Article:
Microsoft released an advisory Wednesday night warning of three new flaws affecting Windows users, the most serious of which could allow an attacker to gain complete control of a user's system.

The flaws, two of which the company says are critical, occur in Microsoft's Virtual Machine, a program which implements the Java language on Windows platforms. The Microsoft VM is shipped in most versions of Windows, as well as in most versions of Internet Explorer.

According to the bulletin, the attack vectors for all three vulnerabilities would likely be the same, with an attacker creating a web page that, when opened, exploits the desired flaw.


The attacker would have to lure the victim to that specific page to exploit the vulnerability, or could contain it within an HTML email. Microsoft notes, however, that those using email clients, such as Outlook 2002, Outlook Express 6, cannot, by default, run applets in email.

The first two vulnerabilities both involves the Java Database Connectivity classes, which provide features that allow Java applications to connect to and use data from a wide variety of data sources, ranging from flat files to SQL Server databases.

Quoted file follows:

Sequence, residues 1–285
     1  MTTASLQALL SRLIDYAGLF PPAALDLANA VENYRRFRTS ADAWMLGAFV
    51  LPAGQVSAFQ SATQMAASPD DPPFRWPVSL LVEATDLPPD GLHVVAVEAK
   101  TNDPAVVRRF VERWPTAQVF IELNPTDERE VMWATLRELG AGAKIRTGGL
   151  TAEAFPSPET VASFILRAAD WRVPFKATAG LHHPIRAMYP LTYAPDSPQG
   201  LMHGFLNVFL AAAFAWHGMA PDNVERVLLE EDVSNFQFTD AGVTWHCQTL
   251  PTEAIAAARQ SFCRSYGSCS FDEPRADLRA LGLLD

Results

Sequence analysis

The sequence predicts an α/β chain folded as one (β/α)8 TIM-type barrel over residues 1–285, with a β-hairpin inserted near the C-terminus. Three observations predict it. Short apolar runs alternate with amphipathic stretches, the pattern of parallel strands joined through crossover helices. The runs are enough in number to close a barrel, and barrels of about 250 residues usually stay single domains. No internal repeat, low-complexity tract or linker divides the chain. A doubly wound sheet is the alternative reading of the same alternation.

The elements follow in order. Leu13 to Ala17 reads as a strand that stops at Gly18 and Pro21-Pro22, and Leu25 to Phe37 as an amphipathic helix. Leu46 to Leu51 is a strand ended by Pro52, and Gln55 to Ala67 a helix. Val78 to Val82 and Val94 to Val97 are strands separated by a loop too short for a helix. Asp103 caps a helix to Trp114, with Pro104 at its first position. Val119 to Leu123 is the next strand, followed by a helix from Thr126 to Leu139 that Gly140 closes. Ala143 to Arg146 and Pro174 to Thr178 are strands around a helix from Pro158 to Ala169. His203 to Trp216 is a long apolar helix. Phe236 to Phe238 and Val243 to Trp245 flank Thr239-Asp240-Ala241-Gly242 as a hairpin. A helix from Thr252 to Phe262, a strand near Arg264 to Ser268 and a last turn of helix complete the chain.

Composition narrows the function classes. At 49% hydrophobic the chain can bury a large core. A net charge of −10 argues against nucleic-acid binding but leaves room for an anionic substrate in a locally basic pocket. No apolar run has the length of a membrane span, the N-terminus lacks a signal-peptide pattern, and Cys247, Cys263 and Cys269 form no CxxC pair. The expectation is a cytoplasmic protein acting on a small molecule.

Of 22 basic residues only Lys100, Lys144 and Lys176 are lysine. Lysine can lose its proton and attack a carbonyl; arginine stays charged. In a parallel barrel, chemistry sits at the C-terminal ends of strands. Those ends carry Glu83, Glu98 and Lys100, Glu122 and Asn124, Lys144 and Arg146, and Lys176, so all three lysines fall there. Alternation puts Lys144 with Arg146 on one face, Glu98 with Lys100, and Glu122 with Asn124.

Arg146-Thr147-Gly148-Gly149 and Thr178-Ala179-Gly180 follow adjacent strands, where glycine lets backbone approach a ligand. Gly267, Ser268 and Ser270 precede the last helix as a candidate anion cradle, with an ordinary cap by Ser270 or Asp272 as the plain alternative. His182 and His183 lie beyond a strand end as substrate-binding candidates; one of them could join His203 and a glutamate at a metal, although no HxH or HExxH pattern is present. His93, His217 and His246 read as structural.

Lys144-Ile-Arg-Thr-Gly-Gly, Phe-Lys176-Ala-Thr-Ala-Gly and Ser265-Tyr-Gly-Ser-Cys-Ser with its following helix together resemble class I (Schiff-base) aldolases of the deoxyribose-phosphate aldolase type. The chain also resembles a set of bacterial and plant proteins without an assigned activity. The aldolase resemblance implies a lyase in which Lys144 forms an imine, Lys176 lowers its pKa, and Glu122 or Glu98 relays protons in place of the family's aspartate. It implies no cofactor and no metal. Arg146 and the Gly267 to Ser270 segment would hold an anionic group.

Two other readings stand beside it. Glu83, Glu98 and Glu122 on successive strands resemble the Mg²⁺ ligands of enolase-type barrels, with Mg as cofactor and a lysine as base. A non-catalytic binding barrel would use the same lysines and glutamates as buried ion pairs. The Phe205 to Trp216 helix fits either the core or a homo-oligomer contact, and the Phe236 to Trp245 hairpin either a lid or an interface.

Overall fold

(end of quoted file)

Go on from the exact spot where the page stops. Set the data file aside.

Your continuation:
The first vulnerability, which Microsoft has deemed a critical risk, results from a flaw in the way the classes process a certain type of request. Although the classes do perform checks that are designed to ensure that only authorized applets can levy these requests, it's possible to spoof the check, enabling an attacker to load and execute any DLL on the user's system, which could be used by the attacker to perform any operation that the user could.

Microsoft believes that the second vulnerability, which occurs because certain functions don't correctly validate handles, would only cause Internet Explorer to fail. The company notes, however, that there is at least a theoretical possibility that the flaw could also enable an attacker to provide data that would have the effect of running code in the security context of the user.

VM's final vulnerability, another that has earned a critical rating, involves a class that provides support for the use of XML by Java applications. This vulnerability occurs because the class does not differentiate correctly between methods suitable for use by any applet and those only suitable for use by trusted ones. Microsoft admits that among the functions that could be misused through this vulnerability are ones that would enable an applet to take virtually any desired action on the user's system.

Microsoft could not be reached for comment this morning, but has issued a patch for all three vulnerabilities, which is available by visiting the company's Window's Update site.